New Zealand Company Produces World’s First ‘Green Crude’

In what could be a potentially very significant
breakthrough, a New Zealand based company has produced the first samples of what
it describes as ‘green-crude’, manufactured from wild algae.

Barry Leay, Chairman of Marlborough based Aquaflow Bionomic
Corporation
says, “This is an exciting development because we can separate
fuels such as diesel and aviation fuels, as well as a range of high value
chemicals, from green-crude”.

Green-crude differs significantly from first generation
biofuels because it is made solely from photosynthetic microorganisms (algae),
which absorb sunlight, CO2 and nutrients found in waste streams or agricultural
runoff. In essence, green-crude has the same origins as traditional oil
reserves – albeit without a weight of several million years before recoverable
oil is commercially extractable.

Wild algae can be grown in wastewater, so the feedstock for ‘green
crude’ doesn’t require the harvesting of food crops or the setting aside of land
that may otherwise be used for agricultural production – which has proven a
bone of contention between first generation biofuel producers and
environmentalists. Currently, Aquaflow sources its wild algae from the local
municipal waste treatment oxidation ponds and essentially the company is
transforming a waste stream into a commercially and environmentally valuable
product.

“Our journey to develop a truly sustainable next generation
fuel solution has taken us in a number of new and significant directions. We’ve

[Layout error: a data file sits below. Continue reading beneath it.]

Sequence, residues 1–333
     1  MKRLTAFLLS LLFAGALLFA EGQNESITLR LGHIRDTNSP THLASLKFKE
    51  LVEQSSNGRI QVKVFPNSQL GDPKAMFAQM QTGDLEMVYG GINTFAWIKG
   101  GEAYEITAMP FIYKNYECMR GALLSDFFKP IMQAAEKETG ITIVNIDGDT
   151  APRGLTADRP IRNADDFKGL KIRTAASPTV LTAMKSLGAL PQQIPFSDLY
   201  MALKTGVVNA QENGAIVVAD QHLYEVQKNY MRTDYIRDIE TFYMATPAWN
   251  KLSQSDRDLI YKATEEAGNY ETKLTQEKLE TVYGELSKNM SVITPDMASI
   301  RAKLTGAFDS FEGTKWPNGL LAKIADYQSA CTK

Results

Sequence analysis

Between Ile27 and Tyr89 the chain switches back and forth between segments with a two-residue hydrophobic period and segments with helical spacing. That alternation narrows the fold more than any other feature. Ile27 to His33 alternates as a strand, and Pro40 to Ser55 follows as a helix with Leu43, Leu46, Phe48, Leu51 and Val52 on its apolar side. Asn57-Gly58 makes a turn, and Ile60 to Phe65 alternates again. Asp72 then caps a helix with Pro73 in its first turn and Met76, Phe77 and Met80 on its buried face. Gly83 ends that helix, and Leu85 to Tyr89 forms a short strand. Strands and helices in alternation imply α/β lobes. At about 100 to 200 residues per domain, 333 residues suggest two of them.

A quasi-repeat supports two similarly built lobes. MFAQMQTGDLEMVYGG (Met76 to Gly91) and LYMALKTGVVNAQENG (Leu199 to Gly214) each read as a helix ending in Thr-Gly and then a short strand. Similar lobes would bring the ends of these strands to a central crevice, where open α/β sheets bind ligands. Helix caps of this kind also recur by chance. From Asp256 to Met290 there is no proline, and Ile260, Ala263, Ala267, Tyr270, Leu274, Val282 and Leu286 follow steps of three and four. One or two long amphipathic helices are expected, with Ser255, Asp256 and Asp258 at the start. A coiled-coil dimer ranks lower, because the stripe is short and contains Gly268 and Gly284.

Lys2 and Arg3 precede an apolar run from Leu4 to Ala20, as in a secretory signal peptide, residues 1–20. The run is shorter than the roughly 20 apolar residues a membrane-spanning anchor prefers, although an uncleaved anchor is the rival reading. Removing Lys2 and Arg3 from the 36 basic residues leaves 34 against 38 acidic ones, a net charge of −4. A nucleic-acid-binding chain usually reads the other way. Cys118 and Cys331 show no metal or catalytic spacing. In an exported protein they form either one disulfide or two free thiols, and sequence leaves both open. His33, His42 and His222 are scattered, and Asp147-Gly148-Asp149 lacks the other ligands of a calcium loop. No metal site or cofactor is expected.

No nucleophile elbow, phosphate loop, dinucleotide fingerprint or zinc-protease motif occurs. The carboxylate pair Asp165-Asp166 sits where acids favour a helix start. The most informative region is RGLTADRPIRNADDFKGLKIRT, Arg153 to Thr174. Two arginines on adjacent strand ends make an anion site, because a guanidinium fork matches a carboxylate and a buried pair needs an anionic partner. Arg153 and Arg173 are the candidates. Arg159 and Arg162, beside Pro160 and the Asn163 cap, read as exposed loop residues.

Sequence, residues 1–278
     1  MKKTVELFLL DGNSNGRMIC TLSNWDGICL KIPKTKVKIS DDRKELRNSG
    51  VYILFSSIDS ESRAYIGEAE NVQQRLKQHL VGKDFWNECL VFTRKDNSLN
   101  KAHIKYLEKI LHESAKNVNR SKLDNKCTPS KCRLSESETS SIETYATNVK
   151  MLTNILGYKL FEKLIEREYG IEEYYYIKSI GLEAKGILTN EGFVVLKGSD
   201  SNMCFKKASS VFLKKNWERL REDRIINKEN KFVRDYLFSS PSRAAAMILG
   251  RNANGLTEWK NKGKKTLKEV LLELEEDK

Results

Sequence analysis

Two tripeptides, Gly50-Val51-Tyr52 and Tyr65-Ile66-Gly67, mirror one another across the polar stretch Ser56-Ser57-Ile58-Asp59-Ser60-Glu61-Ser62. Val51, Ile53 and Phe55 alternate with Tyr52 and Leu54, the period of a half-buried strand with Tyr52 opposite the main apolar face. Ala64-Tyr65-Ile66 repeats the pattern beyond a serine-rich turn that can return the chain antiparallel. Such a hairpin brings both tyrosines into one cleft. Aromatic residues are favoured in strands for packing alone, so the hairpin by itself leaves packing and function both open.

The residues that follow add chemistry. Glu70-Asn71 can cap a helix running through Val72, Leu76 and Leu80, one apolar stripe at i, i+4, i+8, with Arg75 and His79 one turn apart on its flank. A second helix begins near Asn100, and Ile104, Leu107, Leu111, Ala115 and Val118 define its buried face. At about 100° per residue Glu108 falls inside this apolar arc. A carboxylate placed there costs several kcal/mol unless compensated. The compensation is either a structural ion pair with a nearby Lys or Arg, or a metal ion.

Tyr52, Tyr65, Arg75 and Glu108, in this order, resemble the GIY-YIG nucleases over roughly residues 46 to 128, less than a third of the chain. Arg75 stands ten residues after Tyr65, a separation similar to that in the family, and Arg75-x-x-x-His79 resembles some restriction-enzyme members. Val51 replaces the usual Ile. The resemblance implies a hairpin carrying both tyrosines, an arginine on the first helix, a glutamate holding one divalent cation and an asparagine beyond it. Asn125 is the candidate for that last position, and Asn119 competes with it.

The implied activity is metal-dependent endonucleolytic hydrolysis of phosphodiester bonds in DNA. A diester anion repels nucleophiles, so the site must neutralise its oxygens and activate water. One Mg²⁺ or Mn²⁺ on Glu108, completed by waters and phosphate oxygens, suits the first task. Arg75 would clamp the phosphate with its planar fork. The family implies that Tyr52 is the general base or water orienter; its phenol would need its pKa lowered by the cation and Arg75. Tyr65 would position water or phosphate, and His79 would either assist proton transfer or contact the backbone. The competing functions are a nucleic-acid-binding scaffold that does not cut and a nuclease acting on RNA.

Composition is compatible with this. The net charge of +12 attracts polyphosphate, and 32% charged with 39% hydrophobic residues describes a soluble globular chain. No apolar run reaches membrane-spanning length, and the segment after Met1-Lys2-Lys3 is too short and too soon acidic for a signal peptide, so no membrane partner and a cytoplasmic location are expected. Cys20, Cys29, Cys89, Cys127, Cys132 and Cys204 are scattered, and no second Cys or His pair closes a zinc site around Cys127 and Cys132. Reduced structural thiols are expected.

learned that developing fuels from green-crude is clearly achievable,” explains
Leay.

Leay says that outputs from the green-crude samples are
showing similar or greater potential than existing mineral based petroleum
products.

“We’re continuing to explore the range of products that may
be developed from green-crude. We are likely to end up with a suite of products
that can literally be ‘dropped into’ the existing petroleum fuels
infrastructure,” he comments.

“With the green-crude showing such promise we are now also
concentrating on delivering high quality clean water for use in irrigation systems
or for re-use by industry,” adds Leay.

“The process of removing wild micro-algae from wastewater
removes a substantial amount of contaminants, leaving the effluent water much
cleaner than with existing treatment systems. With further filtration and
polishing the water may be reused for multiple purposes.”

Aquaflow claims to be able to separate fuels such as kerosene
from the crude product – the most widely used liquid heating fuel in the
British Isles. Therefore, at some point in the future the potential seems to theoretically exist to simply substitute or mix heating oil from conventionally
derived sources, with a renewable fuel derived from algae – and without the need
for expensive equipment changes.